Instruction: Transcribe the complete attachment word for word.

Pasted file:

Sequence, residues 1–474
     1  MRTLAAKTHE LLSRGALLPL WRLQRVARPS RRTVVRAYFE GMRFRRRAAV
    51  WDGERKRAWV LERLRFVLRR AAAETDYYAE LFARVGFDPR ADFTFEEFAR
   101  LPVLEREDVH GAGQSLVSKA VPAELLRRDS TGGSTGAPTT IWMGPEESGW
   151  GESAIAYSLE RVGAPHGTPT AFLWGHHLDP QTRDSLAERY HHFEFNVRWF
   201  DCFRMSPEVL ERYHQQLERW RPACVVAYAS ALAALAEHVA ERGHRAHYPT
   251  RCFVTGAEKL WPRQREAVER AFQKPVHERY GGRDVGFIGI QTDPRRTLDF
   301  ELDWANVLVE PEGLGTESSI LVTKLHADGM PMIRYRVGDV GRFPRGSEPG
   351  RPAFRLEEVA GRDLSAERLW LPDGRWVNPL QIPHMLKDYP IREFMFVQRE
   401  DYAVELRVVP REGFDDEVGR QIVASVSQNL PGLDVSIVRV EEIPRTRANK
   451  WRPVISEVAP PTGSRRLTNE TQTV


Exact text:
Sequence, residues 1–474
     1  MRTLAAKTHE LLSRGALLPL WRLQRVARPS RRTVVRAYFE GMRFRRRAAV
    51  WDGERKRAWV LERLRFVLRR AAAETDYYAE LFARVGFDPR ADFTFEEFAR
   101  LPVLEREDVH GAGQSLVSKA VPAELLRRDS TGGSTGAPTT IWMGPEESGW
   151  GESAIAYSLE RVGAPHGTPT AFLWGHHLDP QTRDSLAERY HHFEFNVRWF
   201  DCFRMSPEVL ERYHQQLERW RPACVVAYAS ALAALAEHVA ERGHRAHYPT
   251  RCFVTGAEKL WPRQREAVER AFQKPVHERY GGRDVGFIGI QTDPRRTLDF
   301  ELDWANVLVE PEGLGTESSI LVTKLHADGM PMIRYRVGDV GRFPRGSEPG
   351  RPAFRLEEVA GRDLSAERLW LPDGRWVNPL QIPHMLKDYP IREFMFVQRE
   401  DYAVELRVVP REGFDDEVGR QIVASVSQNL PGLDVSIVRV EEIPRTRANK
   451  WRPVISEVAP PTGSRRLTNE TQTV